Scarlett Johansson was solid as a hard-bitten 1930's type movie star. But George Clooney was just ... George Clooney in a toga. If he had walked into the studio cold and read his lines from cue cards, I don't think his performance would have been substantially different. Or perhaps we were supposed to believe that George Clooney in a toga is an inherently funny premise, and the mere sight of it would keep us in stitches throughout the movie? There were also a lot of pointless scenes. The swimming musical number at the beginning could easily have been cut out of the movie without losing anything. But then again, so could most of the other scenes in the movie. I understand from some previous reviewers that the swimming scene was intended to be a homage to the Esther Williams movies of the 1930's and 1940's. And indeed it was -- if "homage" is French for boring pointless imitation.
Because I didn't watch the last half hour, I have to confess that the ending could well be a thrilling laugh-filled adventure that pulls the whole movie together and leaves the audience stunned with the brilliance of the film and its commentary on both Depression-era and contemporary Hollywood. Unfortunately, I'll never know. And don't intend to find out.
Exactly the same as the old Rocky Horror film. Except with a less
talented and interesting cast. And a lot more corporate oversight. And
a lot less sexy and bloody, because of the prime time television
In other words, nothing like the old Rocky Horror film.
It was a treat to see Tim Curry. I wonder if he wanted to jump out of that wheelchair and scream at everyone for destroying his legacy?
My congratulations go to the network executives and producers, who I'm sure spent almost nothing on this production, and made a fortune on advertising revenue.
Fox did such a great job with its live Grease broadcast that my hopes were over-inflated for this one. Let's hope that future Fox broadcasts make up for this fiasco.
OK, I may be a little late to the party -- Howard Keel had a long,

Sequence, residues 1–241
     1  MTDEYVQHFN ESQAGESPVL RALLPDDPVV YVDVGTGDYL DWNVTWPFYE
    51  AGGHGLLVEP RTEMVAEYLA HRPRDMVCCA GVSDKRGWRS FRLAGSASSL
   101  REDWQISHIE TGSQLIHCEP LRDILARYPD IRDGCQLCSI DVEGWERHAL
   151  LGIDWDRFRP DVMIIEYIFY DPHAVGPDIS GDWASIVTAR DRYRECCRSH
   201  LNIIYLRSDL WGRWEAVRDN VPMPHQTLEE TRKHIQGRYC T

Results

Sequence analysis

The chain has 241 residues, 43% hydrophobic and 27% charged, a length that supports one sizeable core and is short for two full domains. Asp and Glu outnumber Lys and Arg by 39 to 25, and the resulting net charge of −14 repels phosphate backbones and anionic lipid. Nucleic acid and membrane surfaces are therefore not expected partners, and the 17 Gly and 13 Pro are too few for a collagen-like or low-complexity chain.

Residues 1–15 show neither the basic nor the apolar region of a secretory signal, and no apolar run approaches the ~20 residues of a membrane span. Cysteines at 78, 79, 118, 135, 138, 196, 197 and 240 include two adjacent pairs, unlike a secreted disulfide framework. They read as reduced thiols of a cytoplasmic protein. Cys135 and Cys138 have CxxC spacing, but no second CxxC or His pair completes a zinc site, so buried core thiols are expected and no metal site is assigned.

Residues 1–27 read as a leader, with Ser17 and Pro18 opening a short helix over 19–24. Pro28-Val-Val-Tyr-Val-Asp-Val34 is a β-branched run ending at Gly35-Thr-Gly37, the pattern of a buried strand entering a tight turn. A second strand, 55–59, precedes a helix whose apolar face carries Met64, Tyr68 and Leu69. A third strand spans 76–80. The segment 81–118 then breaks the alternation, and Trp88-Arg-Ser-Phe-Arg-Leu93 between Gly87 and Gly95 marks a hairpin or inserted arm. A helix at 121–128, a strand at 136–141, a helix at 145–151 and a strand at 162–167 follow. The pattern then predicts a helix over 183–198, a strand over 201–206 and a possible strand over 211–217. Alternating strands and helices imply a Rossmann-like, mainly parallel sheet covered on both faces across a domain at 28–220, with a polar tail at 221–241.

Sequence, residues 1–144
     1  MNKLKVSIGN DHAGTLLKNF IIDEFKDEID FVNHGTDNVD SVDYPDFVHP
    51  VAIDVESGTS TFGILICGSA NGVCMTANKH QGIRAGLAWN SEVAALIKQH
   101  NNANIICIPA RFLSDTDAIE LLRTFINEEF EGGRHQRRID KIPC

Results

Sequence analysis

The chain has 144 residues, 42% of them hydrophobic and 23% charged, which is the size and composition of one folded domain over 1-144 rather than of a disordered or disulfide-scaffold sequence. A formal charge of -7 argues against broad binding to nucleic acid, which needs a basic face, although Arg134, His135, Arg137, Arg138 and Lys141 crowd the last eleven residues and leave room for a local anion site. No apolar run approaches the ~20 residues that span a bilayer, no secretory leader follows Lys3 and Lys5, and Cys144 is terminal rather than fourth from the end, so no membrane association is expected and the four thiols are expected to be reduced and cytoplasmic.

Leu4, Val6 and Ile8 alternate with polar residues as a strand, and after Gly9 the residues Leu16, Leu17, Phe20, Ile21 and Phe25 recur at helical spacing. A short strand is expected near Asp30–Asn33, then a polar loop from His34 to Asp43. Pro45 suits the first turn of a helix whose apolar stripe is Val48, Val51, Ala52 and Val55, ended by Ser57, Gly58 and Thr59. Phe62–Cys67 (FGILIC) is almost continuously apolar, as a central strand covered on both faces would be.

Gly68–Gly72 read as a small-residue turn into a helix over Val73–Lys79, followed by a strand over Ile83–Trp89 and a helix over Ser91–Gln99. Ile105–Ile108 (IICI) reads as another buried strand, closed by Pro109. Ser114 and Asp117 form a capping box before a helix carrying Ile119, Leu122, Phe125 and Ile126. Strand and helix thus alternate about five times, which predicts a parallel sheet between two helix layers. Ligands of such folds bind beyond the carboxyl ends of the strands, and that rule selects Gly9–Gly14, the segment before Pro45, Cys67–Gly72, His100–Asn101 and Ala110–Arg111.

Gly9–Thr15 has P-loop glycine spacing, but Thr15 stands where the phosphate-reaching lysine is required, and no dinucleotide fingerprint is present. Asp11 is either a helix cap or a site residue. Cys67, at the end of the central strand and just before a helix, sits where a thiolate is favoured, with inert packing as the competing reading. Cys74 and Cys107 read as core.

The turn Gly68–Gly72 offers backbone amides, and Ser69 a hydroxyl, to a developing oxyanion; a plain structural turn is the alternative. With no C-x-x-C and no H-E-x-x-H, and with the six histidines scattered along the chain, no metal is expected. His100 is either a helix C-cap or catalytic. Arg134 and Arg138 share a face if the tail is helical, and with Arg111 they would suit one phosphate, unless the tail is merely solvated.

proud and successful career as a theater and movie star. But he was
amazing in the dual roles of good guy Stretch Barnes and bad guy Smoky
Calloway. Even though the two characters dressed in identical outfits
through most of the movie, Keel's acting craft made it early to
recognize whether you were seeing Stretch or Smoky. I actually spend a
few minutes wondering whether it was two different lookalike actors,
and had to check into IMDb to confirm that it was the same guy.
The film itself was a clever take on the television Westerns that were popular when I was a boy. Fred MacMurray very nicely plays the role of a lovable on the outside, sleaze ball on the inside theatrical agent. Dorothy McGuire played the opposite as his partner -- reluctantly sleazy on the outside, heart of gold on the inside. Others include old standby Jesse White, and watch for Stan Freeberg as the nerd who works with MacMurray and McGuire.
But really, Howard Keel was the star, and should have gotten top billing. Overall, the film was a very pleasant way to spend an hour-and-a-half or so.
*** This review may contain spoilers ***
I'm old enough to remember Joan Blondell as a funny and sassy old lady
when she was a guest on television talk shows in the 1960's and 1970s,
and I've enjoyed Stuart Erwin's other films, so I really wanted to love
this movie. Sadly, I didn't, for two reasons.
First, because Stuart...Erwin gave almost...all of his lines a...halting reading that I think was...supposed to make...him seem like...a humble and ignorant country boy...but got...really annoying...after a while. It was like two hours of a really bad Christopher Walken imitation.
Second, I found Stuart Erwin's character very unlikeable. Basically, he plays an ignorant and untalented narcissist who shows up in Hollywood expecting to be given big dramatic roles with one specific studio. When Joan Blondell takes an inexplicable liking to him, and gets him a job as a movie extra (which he initially thinks is beneath him), he blows his line and gets fired. So instead of trying to get work at another studio, or getting a regular job, he stays behind the studio walls and lives on scraps from the trash.
Again, Blondell comes to the rescue, and gives him another shot at movies. But since he despises what he calls "cross-eyed comedies" (a shot at legendary cross-eyed movie comedian Ben Turpin, who co-stars with him), they cast him in a movie without telling him it's a comedy. He becomes a big star, largely because he is so untalented that it's funny. But because he is the star of his despised cross-eyed comedies, he's hurt, has a hissy fit, and makes plan to return to his hometown.